Veteran vocalist Madurai G.S. Mani’s Sanskrit kritis have been compiled into a book by his disciple
Harikesanallur Muthiah Bhagavatar, the great composer of the early 20th century, was visibly pleased with the little boy who had just sung Mysore Sadashiva Rao’s ‘Evarunnaru nannu brova’ (in Balahamsa). Earlier, the seven-year-old had been introduced to him as a “boy who sings well”. Muthiah Bhagavatar held the boy’s hand and made him sit next to him on the oonjal in his house.
Who knows, may be it was in that moment that a transmission of the art of composing took place, for the boy, Madurai Gopala Swamy Mani, would produce hundreds of compositions, in three languages, in the coming years.
G.S. Mani clearly remembers that 1941 incident, including the minutiae of Muthiah Bhagavatar’s sartorial resplendence and heady perfume. “Muthiah Bhagavatar and my father were friends,” says Mani, as he reminisces about the milieu in which he spent his formative years.
In the last seven decades, the vocalist-composer has created about 200 songs in Sanskrit, a 100 each in Tamil and Telugu (his mother tongue), and some 50 varnams, including the one called ‘uttara raagavali’, in nine Hindustani raags like Maand and Jaunpuri.
Mani’s student, Dr. Usha Prasad, has now brought out a book titled Rajapujita Ramyam with 101 Sanskrit kritis composed by her guru. ‘Rajapujita’, a word that recurs in his compositions, is a complete work with notations for lyrics and transliteration. The book is expected to be formally released soon.
The 88-year-old vocalist, who lifts weights every morning to stay fit, says he did not write these songs. “They came from above; they came through me and not from me.”
Asssociation with MSV
If you pay attention to the lyrics of songs like ‘Raja mathangi’ in Chandrakauns or ‘Gambheera gaja nayakam’ in Gambhira Nattai or ‘Damodhara maamava sridhara’ in Kalyana Vasantham, you cannot miss the seamless flow of emotion-filled expressions. This feature is common to his compositions in all three languages. Mani’s Varamu creation ‘Ponnambalam Thannil’ in Tamil drew praise from the great poet, Kannadasan. Mani and Kannadasan knew each other well because Mani was part of film music director M.S. Viswanathan’s team for a decade from 1957, assisting in notating tunes as MSV played them on the harmonium.
The textural richness of Mani’s compositions has much to do with his eclectic, multi-hued music. Mani first trained under Jalatarangam Babu Iyengar, grandson of Poochi Iyengar, another renowned 19th century composer. His eyes light up when he speaks about Babu Iyengar. Jalatarangam is played by tapping porcelain bowls containing water with small sticks — Babu Iyengar would produce gamakas (oscillation) by striking the bowl and quickly swirling the water in it. Mani imbibed a lot from nagaswaram artistes also.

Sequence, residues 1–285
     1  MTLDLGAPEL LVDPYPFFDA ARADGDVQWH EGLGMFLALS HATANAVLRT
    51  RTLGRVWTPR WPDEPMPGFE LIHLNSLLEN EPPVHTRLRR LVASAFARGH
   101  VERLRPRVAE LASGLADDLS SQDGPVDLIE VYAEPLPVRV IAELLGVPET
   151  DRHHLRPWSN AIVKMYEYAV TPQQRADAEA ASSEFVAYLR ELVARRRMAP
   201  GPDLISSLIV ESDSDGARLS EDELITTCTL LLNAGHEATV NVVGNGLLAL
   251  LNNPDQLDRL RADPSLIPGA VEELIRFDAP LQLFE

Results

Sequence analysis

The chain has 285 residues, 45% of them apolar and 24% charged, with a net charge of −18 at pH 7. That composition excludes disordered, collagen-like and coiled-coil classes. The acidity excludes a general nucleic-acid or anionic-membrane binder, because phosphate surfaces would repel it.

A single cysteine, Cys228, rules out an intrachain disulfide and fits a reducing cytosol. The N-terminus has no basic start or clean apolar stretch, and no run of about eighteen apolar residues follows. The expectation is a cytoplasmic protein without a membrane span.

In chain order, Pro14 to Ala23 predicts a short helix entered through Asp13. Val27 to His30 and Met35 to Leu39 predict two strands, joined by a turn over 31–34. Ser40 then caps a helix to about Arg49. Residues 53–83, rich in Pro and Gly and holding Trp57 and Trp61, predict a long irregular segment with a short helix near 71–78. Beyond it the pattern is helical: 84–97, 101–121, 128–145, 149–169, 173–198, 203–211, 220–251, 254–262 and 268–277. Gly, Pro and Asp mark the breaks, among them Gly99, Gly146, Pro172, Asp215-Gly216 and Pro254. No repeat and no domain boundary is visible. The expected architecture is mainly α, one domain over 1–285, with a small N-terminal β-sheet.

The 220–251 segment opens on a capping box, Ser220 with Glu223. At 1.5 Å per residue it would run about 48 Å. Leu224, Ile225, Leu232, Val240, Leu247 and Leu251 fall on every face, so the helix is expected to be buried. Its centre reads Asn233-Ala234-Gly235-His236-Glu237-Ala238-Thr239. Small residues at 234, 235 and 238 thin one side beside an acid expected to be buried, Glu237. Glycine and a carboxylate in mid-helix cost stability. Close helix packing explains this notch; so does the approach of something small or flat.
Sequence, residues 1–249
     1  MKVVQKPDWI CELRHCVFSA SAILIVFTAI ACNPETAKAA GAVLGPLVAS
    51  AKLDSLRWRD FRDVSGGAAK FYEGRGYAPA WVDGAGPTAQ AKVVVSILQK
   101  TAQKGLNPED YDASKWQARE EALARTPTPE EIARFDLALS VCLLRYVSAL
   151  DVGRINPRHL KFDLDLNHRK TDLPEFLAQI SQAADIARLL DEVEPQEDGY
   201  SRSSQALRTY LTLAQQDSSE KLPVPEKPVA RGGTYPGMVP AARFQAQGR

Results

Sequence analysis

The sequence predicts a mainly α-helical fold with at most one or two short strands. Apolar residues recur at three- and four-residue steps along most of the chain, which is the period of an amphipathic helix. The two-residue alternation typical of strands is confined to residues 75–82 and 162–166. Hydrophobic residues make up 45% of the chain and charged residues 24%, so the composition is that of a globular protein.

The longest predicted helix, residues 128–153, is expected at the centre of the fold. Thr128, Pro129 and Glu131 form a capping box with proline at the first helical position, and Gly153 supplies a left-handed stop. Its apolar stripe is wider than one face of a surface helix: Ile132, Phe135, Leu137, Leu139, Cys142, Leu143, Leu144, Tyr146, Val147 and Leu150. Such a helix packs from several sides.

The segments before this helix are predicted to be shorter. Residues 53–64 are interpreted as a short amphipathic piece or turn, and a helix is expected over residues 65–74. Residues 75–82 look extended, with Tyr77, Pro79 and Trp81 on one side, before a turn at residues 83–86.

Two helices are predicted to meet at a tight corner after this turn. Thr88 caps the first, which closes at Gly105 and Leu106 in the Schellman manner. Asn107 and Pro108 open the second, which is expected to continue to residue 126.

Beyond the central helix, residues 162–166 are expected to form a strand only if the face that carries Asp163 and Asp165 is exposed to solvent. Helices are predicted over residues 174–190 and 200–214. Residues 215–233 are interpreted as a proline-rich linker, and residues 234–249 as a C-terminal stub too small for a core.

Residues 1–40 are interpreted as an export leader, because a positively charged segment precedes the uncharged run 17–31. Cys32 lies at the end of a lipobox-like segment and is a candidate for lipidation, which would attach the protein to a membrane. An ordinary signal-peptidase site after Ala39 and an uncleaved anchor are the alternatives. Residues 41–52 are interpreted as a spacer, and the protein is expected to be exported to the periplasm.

Introduction to Qawwali
As a young economics and political science graduate, Mani joined the US trade cell in Delhi as a liaison officer on a salary of ₹ 630. During this time he often got to meet the renowned singer, Begum Akhtar. At her suggestion, and to get a hang of Qawwali music, Mani visited a kotha in Delhi. “It was great music,” he recalls.
Observing and imbibing Hindustani music helped Mani craft Carnatic ragas differently. Mani’s singing is marked by slow, gliding alapanas, defined by long dwells on notes (karvai) — a sharp contrast to the rocket speeds that reign today. He is not fond of needless gamakas in Melakarta ragas. “In some ragas like Thodi, oscillations are fine, but not in all,” he says. He demonstrates two shades of Chakravakam, one with an oscillating ‘ri’ and the other with a rigid ‘ri’, and shows how the non-oscillating one sounds better, no matter if it resembles the Hindustani Ahir Bhairav more closely.
These days, Mani also spends time on his other love — physics. The conversation segues from music to icons of quantum mechanics such as Paul Dirac, Schrodinger’s cat experiment, Heisenberg’s uncertainty principle and, of course, Einstein. Referring to German physicist Hans-Peter Duerr’s quote, ‘The more you study matter, the more you know it doesn’t exist,’ Mani says Adi Sankara also said so a millennia ago.
Will he compose a song on quantum mechanics? “It has to come from ‘above’,” he says with a smile.
Unfortunately, not many of Mani’s compositions have made their way to concert halls. Vocalist Madurai Seshagopalan has sung his composition in the raga Suvasini, which, by virtue of featuring Mohanam’s arohanam and Natabhairavi’s avarohanam, uses both the upper and lower gandharams and dhaivathams. But Mani’s vast treasury of compositions is yet to enter the mainstream; perhaps Usha Prasad’s book may remedy this — and make Harikesanallur Muthiah Bhagavatar smile from heaven.